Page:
Two of the most important object-oriented principles are cohesion & coupling.
Cohesion is about the relationship between all the methods inside a class. Are they using the same set of instance variables & parameters, all working together towards the same goal? Or does every method feel separate from each other?
Coupling is how dependent is a class to other classes, how “tied together” is it to the rest of the system, and the ability of this class to be used in isolation.
Both of these concepts help you see every class in your code base through a specific set of lenses. These lenses help you find out how solid your class design is & where you could be making some changes.
For best results you want to aim for high cohesion & low coupling.
An Example Of Cohesion
Low cohesion is like having an unusual topping on your pizza, while high cohesion feels like everything is where it should be.
You can get a feeling for it, but it’s hard to measure, you can’t just get a number that tells you how cohesive your class is. So to make it easy to understand I want to show you a code example where it’s really obvious.
Here you go:
class Library def lend_book end def return_book end def make_coffee end end
In this example
make_coffee stands out quite a bit, even if this library has a cafeteria it makes no sense for the
Library class to be making coffee 🙂
The cafeteria doesn’t need any information about the books it has, how to lend a book, etc.
And the library doesn’t need to know how much coffee is left or how to make it.
That’s what we mean by LOW cohesion.
It’s not always this obvious, sometimes you need to pay attention & look beyond the method names.
- What are these methods actually doing?
- What data are they working with?
- What objects are they collaborating with?
These questions should give you an idea of the level of cohesion of your class.
How do you fix low cohesion?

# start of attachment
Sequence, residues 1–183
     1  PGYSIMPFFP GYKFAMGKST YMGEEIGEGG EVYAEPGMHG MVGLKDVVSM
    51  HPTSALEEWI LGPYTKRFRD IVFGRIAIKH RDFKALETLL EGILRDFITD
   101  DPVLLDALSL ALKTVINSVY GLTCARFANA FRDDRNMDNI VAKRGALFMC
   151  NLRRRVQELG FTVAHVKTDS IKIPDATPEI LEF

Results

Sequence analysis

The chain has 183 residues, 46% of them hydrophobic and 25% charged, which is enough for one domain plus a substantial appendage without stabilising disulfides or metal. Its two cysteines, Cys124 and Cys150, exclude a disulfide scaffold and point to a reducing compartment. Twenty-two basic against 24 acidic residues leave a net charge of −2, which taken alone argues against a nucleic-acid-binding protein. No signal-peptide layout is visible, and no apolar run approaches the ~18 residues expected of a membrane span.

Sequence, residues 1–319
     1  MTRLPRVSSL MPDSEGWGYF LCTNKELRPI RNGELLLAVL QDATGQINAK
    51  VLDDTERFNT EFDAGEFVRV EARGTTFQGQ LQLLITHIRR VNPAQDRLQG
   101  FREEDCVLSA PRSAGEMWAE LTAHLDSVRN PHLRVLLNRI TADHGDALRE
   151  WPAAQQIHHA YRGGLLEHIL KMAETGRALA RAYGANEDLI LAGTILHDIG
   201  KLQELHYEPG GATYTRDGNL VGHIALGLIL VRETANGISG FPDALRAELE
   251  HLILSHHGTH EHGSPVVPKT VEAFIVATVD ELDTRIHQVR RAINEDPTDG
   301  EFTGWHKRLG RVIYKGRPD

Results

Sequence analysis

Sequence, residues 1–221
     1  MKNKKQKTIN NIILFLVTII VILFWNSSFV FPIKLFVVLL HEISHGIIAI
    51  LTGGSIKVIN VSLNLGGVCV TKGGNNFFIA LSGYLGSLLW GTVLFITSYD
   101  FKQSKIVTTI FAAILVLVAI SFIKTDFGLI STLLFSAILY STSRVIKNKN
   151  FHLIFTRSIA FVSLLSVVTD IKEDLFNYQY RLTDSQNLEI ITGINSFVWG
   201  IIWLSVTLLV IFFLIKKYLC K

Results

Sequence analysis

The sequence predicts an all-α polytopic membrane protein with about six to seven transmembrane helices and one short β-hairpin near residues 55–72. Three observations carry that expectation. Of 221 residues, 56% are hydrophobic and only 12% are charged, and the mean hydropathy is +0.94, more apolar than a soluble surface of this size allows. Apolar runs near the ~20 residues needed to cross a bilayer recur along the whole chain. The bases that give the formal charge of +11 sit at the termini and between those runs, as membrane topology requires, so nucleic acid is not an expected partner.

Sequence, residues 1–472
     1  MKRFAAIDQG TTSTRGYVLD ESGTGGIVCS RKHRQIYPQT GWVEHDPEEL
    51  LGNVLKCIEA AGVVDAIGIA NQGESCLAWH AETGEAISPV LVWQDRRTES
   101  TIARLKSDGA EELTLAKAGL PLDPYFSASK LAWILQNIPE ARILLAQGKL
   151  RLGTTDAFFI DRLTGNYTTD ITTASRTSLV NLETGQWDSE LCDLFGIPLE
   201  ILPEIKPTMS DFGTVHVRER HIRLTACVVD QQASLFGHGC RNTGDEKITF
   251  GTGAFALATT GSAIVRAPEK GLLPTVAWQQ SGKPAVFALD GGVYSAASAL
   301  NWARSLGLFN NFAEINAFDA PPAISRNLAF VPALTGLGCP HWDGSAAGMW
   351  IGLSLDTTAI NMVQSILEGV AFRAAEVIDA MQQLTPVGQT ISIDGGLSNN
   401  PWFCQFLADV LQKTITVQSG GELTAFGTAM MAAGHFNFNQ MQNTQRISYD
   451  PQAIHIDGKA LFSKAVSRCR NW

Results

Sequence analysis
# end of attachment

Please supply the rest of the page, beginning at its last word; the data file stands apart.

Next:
You’ll need to extract the methods that don’t belong to this class to another class, often a new one.
An Example Of Coupling
Now let’s have a look at coupling.
Here’s the example:
class ShoppingCart attr_accessor :items def initialize @items =  end end class Order def process_order(cart) cart.items.map(&:price).inject(:+) end end
In this example
Order is highly coupled to
ShoppingCart because it knows too much about it, it knows there is an
items variable & it’s doing some calculation with that.
Now if you change
ShoppingCart‘s implementation of
items, you’ll also have to change
We can fix it like this:
class ShoppingCart attr_accessor :items def initialize @items =  end def calculate_total items.map(&:price).inject(:+) end end class Order def process_order(cart) cart.calculate_total end end
We have reduced coupling by moving the details of the calculation where they belong.
If you need a metaphor for this think about these cell phones that come with a fixed battery, that’s high coupling.
If you can replace the battery then that’s low coupling.
Notice that you still need some level of coupling, the phone wouldn’t work without a battery & the
Order class wouldn’t work without knowing how much to charge the customer.
You have learned about two very important OOP principles, cohesion & coupling. These two concepts help you find out how well the methods in a class work together & how independent is your class from the rest of the system.
You can apply this right now to one of your projects, open it up & look at some of your classes. How you can you improve them using what you just learned?
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